Hey Speakerz! This topic came about one late sober night as I sat by myself, romancing my soul and I thought it would be cool to elaborate on with y’all! Today’s topic is on romance, and the emergence of “old” ways and how they can play a part in self care and self love.
When I was little my mom would always say that I should learn how to play by myself. Let’s just say I learned the lesson too well and now I’m a lot bit introverted. I appreciate the outside world and its inhabitants, I just love my own solitary space so very much that I have a hard time giving it up on odd days and maybe even too. The more I speak to elders in my life, the more they talk about how important it is to have a “self care routine”. This routine is all about getting deep into your own soul and while it is in fact work, it can also be a soothing, cleansing release from the everyday conditioning of the world.
I’ve always been sensual. Aware of all the senses and wanting to use and explore each one. This lead to being a serious romantic. For a while, it was a secret. I hid it under lock and key. It seemed that in the world I lived in being romantic and or sensual needed a monogamous relationship and without that, there was no place for my sensuality. I don’t mean to say that sensuality and romance are inherently mutually inclusive. They can be, but don’t have to be.
I’ve learned in the years of adulthood, just how to be romantic with myself. Usually, when I get home after a long day, I light some sage and incense followed by candles and of course string lights. After the ambiance is set, I pull out jazz music because my soul loves jazz in the best of ways. Most nights, I’ll make my own tea from herbs that I pick up here and there with almond milk and agave and just sit and revel in what I’ve created. (If anyone wants a recipe for teas, hollar at me!) It may seem like a little old lady and I don’t mind. It gives my soul completion. So what do you do? What’s your self care routine? Does self care come instinctively?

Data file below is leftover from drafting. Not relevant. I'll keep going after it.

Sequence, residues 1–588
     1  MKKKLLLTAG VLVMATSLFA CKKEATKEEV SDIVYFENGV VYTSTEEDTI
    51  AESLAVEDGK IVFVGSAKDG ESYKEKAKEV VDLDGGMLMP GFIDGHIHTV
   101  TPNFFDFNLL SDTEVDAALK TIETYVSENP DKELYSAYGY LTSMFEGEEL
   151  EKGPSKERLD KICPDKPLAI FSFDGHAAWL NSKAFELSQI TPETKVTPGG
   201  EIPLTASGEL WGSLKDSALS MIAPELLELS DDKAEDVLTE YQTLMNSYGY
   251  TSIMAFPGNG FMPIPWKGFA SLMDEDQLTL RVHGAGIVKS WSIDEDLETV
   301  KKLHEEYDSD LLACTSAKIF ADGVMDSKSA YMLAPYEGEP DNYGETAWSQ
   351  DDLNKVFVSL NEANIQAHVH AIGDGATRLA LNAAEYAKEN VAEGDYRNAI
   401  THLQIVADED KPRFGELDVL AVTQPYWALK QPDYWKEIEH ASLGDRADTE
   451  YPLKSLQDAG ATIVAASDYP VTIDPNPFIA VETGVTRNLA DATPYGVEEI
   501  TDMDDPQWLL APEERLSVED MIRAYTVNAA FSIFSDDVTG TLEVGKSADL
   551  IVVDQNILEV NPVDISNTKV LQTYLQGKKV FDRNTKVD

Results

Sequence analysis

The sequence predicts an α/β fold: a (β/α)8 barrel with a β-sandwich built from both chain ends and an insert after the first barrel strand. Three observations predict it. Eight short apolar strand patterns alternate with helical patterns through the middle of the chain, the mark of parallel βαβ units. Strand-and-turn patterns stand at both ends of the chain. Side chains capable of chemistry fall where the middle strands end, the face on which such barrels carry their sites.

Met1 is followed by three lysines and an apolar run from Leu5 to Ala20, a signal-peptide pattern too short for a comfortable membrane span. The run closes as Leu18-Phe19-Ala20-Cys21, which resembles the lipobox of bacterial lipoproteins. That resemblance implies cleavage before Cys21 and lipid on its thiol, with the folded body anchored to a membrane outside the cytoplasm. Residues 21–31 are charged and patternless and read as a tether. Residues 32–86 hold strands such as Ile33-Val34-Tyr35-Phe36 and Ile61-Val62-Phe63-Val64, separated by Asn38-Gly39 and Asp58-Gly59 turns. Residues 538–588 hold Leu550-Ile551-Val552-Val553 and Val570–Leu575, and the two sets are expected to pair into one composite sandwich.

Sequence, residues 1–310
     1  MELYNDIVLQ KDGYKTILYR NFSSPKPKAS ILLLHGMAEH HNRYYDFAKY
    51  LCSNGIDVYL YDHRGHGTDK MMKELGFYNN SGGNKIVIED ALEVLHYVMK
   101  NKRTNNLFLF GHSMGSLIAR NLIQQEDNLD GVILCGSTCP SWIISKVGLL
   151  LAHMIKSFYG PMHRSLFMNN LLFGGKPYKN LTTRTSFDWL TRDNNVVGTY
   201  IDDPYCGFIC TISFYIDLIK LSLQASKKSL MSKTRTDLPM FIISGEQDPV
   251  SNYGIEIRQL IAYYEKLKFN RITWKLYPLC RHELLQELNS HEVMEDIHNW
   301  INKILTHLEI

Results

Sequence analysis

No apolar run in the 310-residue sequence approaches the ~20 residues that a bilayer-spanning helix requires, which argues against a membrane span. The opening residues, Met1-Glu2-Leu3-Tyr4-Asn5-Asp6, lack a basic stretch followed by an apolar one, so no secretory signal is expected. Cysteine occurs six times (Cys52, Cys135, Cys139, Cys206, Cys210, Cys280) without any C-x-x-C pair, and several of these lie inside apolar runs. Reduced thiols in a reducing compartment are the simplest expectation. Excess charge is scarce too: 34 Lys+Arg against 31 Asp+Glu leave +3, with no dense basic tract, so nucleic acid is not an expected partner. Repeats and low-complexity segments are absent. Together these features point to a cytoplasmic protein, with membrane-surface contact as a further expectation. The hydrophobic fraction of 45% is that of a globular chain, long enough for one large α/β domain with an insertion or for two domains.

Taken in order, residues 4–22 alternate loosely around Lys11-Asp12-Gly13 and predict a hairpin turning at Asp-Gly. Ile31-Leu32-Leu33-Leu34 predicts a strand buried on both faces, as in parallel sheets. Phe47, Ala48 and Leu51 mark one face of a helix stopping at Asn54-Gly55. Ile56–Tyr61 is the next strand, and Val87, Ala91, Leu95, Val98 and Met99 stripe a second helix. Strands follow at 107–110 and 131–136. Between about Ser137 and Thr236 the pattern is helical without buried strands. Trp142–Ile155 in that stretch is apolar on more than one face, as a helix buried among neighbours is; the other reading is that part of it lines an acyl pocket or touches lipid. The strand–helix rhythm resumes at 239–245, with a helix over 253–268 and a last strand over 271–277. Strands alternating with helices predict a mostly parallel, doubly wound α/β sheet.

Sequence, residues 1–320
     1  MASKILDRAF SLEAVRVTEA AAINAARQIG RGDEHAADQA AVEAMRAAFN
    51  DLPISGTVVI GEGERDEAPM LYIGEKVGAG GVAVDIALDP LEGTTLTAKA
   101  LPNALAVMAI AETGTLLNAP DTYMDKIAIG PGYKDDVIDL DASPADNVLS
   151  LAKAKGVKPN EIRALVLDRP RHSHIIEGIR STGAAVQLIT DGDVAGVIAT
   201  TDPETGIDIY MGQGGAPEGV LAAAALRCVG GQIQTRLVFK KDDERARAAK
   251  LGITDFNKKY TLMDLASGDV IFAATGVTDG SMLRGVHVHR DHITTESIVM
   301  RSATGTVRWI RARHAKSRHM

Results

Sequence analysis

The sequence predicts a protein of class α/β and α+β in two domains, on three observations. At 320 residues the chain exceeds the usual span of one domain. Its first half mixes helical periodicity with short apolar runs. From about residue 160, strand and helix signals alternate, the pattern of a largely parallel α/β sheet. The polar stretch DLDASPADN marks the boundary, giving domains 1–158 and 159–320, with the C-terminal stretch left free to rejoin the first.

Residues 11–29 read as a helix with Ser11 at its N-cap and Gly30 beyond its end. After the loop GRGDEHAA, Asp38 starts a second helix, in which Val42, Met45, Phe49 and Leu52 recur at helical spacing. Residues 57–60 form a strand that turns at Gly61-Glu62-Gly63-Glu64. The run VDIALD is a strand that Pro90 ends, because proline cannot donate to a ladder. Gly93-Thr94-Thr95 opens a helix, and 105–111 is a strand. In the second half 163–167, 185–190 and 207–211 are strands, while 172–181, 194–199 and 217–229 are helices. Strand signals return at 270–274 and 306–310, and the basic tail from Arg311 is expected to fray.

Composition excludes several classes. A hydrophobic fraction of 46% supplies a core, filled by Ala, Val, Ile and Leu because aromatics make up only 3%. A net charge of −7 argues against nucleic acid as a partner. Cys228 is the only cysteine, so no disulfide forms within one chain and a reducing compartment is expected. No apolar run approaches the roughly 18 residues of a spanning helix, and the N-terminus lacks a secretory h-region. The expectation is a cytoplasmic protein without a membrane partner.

I always used to ask myself the question that if I don’t want to romance and fall in love with myself, why or how would I be able to do the same for someone else. While I love being able to romance other people that I have in my life, I always appreciate being able to do it for myself first and foremost. Onto the emergence of old ways. I know that myself and a lot of friends tend to make fun of each other for being “old”. Most of my friends have old souls and I like to think that it’s because vibration attracts vibration. In a society that values youth so very heavily, how does that make for being able to embrace the sensual solitary act of curling up with a book or coffee or even just staring out the window at the sky? Does it at the core have anything at all to do with age? Maybe we put too much on it. I have aunts and uncles who are older and although married, still value their alone time, their “self care routines”.
In romantic routine, is there something to be said for the old? I’m a bit of a purist. Although a staunch minimalist, I have an old cassette player and cassettes, vinyl, old clothes of my grandmothers and mothers, etc. I appreciate the old things that seem to carry so much history with them. It seems that in America, societally there’s an obsession with certain time periods and although I love what those time periods have to teach me, I’m not drawn to them for the purposes of re-living. I’m drawn for the purposes of remembrance and self exploration. I love jazz from the 40s because it pulls on my heart in a certain way, but I also love jazz from 2016. How do we establish balance between the old and the new?
Self care doesn’t have to involve romance. Your self care is your self care. What’s important is that you do take care of yourself. Develop your routine. Romance yourself before anyone else.